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ERIC Number: EJ1153507
Record Type: Journal
Publication Date: 2017
Pages: 19
Abstractor: As Provided
ISBN: N/A
ISSN: EISSN-1923-1857
EISSN: N/A
Students' Perceptions of Teaching and Learning Practices: A Principal Component Approach
Mukorera, Sophia; Nyatanga, Phocenah
Alberta Journal of Educational Research, v63 n2 p120-138 Sum 2017
Students' attendance and engagement with teaching and learning practices is perceived as a critical element for academic performance. Even with stipulated attendance policies, students still choose not to engage. The study employed a principal component analysis to analyze first- and second-year students' perceptions of the importance of the 12 teaching and learning practices used in the Economics modules. The results showed that first year students perceive lecturer consultation, ADO consultation, and revision classes as the most beneficial practices for their academic performance. Second-year students recognize interactive group learning practices as most beneficial for their academic performance; they also perceive weekly tutorials, PowerPoint lectures, small group tutorials, and revision classes as contributing the most to academic performance. Self-study and e-learning are perceived as the least beneficial by both streams of students. The main conclusion from this study was that first-year students are more likely to be solitary learners and prefer teaching and learning practices that involve one-on-one interaction with the instructor. On the other hand, second-year students tend to be more social learners, preferring teaching and learning practices that are in a group setup. This is a possible explanation of why they do not attend or engage with some teaching and learning practices.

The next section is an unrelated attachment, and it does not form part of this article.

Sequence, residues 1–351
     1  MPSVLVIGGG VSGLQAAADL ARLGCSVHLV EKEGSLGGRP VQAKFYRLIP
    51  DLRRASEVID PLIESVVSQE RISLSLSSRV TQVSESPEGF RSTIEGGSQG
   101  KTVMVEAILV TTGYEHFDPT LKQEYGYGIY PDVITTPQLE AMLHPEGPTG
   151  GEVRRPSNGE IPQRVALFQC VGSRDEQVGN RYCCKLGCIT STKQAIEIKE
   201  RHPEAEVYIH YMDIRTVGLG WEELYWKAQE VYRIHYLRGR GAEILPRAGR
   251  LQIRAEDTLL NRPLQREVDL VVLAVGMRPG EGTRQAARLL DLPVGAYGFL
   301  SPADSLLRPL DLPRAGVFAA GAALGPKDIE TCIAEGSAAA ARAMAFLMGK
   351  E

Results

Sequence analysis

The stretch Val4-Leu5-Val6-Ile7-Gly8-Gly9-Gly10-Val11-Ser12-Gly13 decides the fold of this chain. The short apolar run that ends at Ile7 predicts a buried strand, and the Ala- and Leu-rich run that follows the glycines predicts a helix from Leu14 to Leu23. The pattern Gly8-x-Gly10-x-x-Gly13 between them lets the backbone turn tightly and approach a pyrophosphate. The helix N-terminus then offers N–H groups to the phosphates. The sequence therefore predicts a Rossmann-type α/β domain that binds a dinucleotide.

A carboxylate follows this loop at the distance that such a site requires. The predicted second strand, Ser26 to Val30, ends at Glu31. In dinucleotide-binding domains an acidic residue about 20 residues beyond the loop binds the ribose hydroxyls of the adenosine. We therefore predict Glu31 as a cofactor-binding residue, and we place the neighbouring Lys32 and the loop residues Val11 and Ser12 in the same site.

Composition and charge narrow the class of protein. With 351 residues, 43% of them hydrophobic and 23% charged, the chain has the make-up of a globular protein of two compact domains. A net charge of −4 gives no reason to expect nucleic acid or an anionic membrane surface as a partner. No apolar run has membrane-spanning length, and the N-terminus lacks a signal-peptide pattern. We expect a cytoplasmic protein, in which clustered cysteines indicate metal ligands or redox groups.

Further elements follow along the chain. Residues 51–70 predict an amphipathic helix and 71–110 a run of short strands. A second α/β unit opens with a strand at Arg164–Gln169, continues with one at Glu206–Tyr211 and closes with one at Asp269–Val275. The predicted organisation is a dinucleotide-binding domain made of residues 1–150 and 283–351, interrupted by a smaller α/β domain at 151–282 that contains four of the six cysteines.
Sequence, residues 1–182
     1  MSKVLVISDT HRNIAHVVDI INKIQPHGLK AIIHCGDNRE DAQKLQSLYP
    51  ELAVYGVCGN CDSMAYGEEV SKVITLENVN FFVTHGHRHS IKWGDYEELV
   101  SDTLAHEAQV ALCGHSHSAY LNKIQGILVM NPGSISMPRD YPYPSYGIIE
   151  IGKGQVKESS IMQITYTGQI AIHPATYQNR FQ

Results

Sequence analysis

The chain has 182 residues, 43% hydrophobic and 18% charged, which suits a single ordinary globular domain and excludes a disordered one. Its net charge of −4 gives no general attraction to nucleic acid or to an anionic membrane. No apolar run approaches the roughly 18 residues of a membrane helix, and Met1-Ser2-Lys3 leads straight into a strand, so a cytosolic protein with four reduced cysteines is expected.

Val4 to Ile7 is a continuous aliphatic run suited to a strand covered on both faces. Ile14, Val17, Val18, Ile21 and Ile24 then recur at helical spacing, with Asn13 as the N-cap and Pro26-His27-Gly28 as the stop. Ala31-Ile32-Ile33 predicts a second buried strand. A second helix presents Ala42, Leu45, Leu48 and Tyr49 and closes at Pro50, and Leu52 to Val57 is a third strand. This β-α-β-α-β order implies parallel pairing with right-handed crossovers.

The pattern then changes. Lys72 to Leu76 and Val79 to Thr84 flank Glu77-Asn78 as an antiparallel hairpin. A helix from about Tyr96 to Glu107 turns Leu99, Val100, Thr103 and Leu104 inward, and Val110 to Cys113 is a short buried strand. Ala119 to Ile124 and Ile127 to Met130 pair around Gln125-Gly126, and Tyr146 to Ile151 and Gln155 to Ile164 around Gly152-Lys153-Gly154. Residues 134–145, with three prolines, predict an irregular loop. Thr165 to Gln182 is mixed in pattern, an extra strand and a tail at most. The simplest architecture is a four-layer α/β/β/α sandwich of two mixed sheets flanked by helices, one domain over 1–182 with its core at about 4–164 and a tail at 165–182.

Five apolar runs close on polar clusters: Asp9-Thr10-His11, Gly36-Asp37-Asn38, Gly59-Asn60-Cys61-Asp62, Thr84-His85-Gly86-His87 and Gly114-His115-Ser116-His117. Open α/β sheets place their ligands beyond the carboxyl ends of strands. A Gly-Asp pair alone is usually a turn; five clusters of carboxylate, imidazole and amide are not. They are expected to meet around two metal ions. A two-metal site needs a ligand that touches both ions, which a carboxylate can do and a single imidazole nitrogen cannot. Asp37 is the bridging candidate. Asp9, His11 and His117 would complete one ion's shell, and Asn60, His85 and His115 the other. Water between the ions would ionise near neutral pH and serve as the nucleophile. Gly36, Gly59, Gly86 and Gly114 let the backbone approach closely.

University of Alberta, Faculty of Education. 845 Education Centre South, Edmonton, AB T6G 2G5, Canada. Tel: 780-492-7941; Fax: 780-492-0236; Web site: http://www.ajer.ca/
Publication Type: Journal Articles; Reports - Research
Education Level: Higher Education
Audience: N/A
Language: English
Sponsor: N/A
Authoring Institution: N/A
Grant or Contract Numbers: N/A